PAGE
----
I’m in Patagonia. Yesterday, I attached metal spikes to my shoes and hiked to the top of the Perito Moreno Glacier. The day before, I took a boat ride on Lago Argentino and saw glaciers, icebergs, and rainbows arcing off the lake. I took lots of photographs.
I won’t print these photographs. I’ll post them to my Facebook page and possibly Instagram, and after that initial posting it’s unlikely that I’ll ever spend much time flipping through these online albums. What is the purpose of these pictures?
What, for that matter, is the purpose of sightseeing? We make more or less elaborate plans in the hopes that we’ll gain access to some sort of experience that is more transcendent or meaningful or enjoyable than our ordinary experience. From the moment we reach our destination, we evaluate the quality of our trip. Was the food authentic? Was the landscape beautiful? Was this all worth it? Given that traveling for pleasure is a privilege denied to the overwhelming majority of the world’s population, what could “worth it” even mean? Is this exclusivity a part of what makes traveling pleasurable?
In his wonderful essay “The Loss of the Creature”, Walker Percy examines the experience of sightseeing. He focuses much of his essay on the Grand Canyon– or on the experience of visiting the Grand Canyon, noting that it is “almost impossible to gaze directly at the Grand Canyon…and see it for what it is.” Percy argues that this is because the canyon is no longer available to the sightseer as a manifestation of natural beauty:
The Grand Canyon…has been appropriated by the symbolic complex which has already been formed in the sightseer’s mind…by picture postcard, geography book, tourist folders, and the words Grand Canyon.
Thanks to the weight of cultural significance and expectation, it is impossible to simply see the Grand Canyon. What’s more, Percy notes:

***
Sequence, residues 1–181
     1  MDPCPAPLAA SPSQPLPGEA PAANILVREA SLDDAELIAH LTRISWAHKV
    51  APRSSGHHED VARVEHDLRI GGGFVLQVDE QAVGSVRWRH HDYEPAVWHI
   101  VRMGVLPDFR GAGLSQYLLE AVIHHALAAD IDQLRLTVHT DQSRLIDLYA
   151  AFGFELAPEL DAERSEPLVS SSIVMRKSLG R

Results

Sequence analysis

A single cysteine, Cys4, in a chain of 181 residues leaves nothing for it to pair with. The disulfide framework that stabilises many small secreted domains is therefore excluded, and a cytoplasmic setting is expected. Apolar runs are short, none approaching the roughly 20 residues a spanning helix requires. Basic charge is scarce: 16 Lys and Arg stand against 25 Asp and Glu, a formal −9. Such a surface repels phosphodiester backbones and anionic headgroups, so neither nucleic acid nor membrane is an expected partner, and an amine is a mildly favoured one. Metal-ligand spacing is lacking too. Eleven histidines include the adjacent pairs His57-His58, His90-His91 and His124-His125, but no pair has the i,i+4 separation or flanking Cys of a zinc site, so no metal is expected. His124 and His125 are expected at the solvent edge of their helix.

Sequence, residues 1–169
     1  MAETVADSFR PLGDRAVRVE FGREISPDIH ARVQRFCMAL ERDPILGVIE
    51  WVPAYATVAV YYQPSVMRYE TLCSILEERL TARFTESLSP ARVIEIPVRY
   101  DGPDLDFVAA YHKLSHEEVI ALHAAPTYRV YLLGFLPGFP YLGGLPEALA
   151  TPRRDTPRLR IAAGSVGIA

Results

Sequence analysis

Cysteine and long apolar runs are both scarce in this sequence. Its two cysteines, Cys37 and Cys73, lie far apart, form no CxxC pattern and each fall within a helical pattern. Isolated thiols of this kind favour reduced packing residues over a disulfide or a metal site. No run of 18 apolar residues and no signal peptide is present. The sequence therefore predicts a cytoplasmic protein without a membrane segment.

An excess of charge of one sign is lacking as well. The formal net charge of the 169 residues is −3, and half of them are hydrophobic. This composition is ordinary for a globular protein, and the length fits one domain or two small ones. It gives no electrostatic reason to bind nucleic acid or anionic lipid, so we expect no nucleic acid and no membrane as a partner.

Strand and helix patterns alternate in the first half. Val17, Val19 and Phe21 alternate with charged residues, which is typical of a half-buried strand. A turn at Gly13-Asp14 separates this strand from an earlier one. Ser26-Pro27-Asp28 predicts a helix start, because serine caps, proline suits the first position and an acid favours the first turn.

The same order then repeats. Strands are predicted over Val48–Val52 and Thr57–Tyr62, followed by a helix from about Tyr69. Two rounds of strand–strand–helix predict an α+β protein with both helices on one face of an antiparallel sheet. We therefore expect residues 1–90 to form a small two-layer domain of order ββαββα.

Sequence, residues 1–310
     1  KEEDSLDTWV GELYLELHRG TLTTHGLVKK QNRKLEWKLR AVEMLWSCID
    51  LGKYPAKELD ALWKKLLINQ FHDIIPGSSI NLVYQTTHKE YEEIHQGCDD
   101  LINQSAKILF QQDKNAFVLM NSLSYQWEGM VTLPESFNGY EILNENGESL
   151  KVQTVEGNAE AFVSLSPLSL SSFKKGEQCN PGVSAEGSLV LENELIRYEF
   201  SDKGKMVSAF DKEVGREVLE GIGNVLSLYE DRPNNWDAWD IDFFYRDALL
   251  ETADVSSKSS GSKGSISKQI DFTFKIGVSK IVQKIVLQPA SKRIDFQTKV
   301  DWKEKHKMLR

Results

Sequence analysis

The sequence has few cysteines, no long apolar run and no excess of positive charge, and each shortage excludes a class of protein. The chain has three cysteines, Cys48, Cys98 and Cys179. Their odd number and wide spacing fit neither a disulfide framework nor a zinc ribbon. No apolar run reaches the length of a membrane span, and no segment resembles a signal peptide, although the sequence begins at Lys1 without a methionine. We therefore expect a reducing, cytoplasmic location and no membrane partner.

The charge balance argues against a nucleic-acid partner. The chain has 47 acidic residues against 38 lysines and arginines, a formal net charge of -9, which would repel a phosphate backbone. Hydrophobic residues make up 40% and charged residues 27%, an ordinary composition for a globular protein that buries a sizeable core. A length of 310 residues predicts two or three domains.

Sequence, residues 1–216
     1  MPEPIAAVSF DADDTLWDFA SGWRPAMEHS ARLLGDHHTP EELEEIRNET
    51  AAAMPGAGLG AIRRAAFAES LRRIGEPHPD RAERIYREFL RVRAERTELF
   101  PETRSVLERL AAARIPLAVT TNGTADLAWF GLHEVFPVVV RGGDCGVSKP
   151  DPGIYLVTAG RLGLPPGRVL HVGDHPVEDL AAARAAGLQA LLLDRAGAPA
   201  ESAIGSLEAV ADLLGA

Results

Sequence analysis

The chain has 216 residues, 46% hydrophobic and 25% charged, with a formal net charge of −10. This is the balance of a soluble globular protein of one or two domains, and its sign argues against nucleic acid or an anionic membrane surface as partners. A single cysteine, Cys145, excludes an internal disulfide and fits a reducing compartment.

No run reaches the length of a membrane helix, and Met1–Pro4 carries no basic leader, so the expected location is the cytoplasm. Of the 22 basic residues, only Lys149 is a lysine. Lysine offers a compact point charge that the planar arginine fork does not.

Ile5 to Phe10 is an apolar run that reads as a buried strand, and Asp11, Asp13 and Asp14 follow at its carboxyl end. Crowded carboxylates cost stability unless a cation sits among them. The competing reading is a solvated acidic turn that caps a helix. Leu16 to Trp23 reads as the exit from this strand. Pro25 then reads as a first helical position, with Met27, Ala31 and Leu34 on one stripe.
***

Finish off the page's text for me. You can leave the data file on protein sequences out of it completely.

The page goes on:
Seeing the canyon is made even more difficult by what the sight-seer does when the moment arrives, when sovereign knower confronts the thing to be known. Instead of looking at it, he photographs it. There is no confrontation at all. At the end of forty years of preformulation and with the Grand Canyon yawning at his feet, what does he do? He waives his right of seeing and knowing and records symbols for the next forty years…
Writing some fifty years ago, Percy was grappling with the problems of photography and experience in ways that seem incredibly prescient. How does our desire to record experience affect our capacity to experience? What purpose does this act of recording serve?
Returning to the Grand Canyon, Percy argues that the massive weight of expectation and cultural significance attached to the canyon inhibits the traveler’s ability to simply perceive the thing. Thankfully, Percy offers a variety of tactics and scenarios by which the sightseer may “recover the Grand Canyon”. My favorite is this:
[The canyon] may be recovered in a time of national disaster. The Bright Angel Lodge is converted into a rest home, a function that has nothing to do with the canyon a few yards away. A wounded man is brought in. He regains consciousness; there outside his window is the canyon.
This last example embodies everything I love about Percy’s writing: it’s playful, direct, poetic, and boundlessly humanist. Splicing Percy’s essay with my own poorly articulated thoughts does not do the thing justice, but I’ve given you a good enough taste to convince you to read his piece in its entirety. It’s well worth it.